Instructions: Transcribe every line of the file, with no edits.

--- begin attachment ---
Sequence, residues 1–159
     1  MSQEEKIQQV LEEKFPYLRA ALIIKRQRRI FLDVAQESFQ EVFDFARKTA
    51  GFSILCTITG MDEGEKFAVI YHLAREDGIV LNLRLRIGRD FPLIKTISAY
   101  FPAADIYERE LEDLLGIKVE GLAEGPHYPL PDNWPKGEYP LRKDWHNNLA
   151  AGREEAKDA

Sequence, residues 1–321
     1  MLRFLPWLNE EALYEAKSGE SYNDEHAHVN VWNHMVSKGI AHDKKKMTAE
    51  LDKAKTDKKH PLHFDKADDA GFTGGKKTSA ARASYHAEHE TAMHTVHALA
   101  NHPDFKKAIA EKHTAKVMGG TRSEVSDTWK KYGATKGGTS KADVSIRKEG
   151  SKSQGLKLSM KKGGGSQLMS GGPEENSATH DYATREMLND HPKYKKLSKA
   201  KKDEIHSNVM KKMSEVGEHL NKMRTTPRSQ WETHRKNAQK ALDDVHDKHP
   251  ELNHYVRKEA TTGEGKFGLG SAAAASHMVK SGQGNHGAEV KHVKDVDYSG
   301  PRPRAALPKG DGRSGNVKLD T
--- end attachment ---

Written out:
Sequence, residues 1–159
     1  MSQEEKIQQV LEEKFPYLRA ALIIKRQRRI FLDVAQESFQ EVFDFARKTA
    51  GFSILCTITG MDEGEKFAVI YHLAREDGIV LNLRLRIGRD FPLIKTISAY
   101  FPAADIYERE LEDLLGIKVE GLAEGPHYPL PDNWPKGEYP LRKDWHNNLA
   151  AGREEAKDA

Sequence, residues 1–321
     1  MLRFLPWLNE EALYEAKSGE SYNDEHAHVN VWNHMVSKGI AHDKKKMTAE
    51  LDKAKTDKKH PLHFDKADDA GFTGGKKTSA ARASYHAEHE TAMHTVHALA
   101  NHPDFKKAIA EKHTAKVMGG TRSEVSDTWK KYGATKGGTS KADVSIRKEG
   151  SKSQGLKLSM KKGGGSQLMS GGPEENSATH DYATREMLND HPKYKKLSKA
   201  KKDEIHSNVM KKMSEVGEHL NKMRTTPRSQ WETHRKNAQK ALDDVHDKHP
   251  ELNHYVRKEA TTGEGKFGLG SAAAASHMVK SGQGNHGAEV KHVKDVDYSG
   301  PRPRAALPKG DGRSGNVKLD T